“It’s a law to try to save the patrimony rather than sell it, in the moment when the country was in a very profound crisis and all of us were looking for a way to eat, a way to get to work,” he said.
As a result, the Spanish town founded in 1519 around a deep harbor has come back to life, along with a treasure trove of buildings in the baroque and neoClassical styles. The 300 renovated buildings represent about a third of the structures in the 1.5-square-mile center marked by the old city walls. The United Nations has praised Mr. Leal’s development model and named the zone a World Heritage Site.
Among the hotels are the Ambos Mundos, where Hemingway used to write in a corner room, and the Santa Isabel, a small colonial inn favored by former President Jimmy Carter and Jack Nicholson.
Everywhere there are construction crews gutting buildings and rebuilding the interiors. The sounds of jackhammers mix with the sounds of traditional Cuban combos playing son and salsa hits for tourists.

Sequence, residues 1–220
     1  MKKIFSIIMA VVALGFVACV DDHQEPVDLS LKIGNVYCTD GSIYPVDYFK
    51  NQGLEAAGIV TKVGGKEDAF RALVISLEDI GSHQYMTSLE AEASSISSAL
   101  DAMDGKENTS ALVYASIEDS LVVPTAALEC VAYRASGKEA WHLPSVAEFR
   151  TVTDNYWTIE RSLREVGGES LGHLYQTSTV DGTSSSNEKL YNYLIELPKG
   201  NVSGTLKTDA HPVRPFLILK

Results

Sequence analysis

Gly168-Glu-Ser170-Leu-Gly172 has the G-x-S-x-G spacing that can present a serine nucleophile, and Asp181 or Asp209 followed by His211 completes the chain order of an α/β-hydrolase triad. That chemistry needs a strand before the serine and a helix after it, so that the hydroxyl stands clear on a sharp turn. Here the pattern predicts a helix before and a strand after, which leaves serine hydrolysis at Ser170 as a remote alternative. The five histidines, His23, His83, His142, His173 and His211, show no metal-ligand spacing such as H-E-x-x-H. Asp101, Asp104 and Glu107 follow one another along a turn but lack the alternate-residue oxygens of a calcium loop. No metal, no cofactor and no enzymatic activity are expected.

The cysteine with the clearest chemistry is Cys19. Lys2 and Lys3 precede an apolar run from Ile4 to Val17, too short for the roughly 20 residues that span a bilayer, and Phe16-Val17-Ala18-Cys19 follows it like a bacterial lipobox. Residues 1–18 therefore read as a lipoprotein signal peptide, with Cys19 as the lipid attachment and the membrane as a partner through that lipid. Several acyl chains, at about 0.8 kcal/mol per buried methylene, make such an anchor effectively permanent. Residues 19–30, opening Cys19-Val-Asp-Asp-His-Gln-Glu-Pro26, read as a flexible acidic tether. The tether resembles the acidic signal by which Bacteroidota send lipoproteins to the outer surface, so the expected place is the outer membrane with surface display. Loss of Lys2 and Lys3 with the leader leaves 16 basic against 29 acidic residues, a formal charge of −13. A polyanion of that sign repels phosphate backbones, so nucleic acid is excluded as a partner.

More than 220 buildings are being refurbished. One project under way is the restoration of Sloppy Joe’s Bar and the hotel above, once a fixture in downtown Havana for journalists, writers, artists and other hangers-on among the intelligentsia.
Just a half block from the Bodeguita del Medio, another famous eatery favored by Hemingway that is constantly mobbed with tourists, Cubans troop into a sparsely stocked government store to get their monthly rations of beans, powdered milk, cigarettes and soap.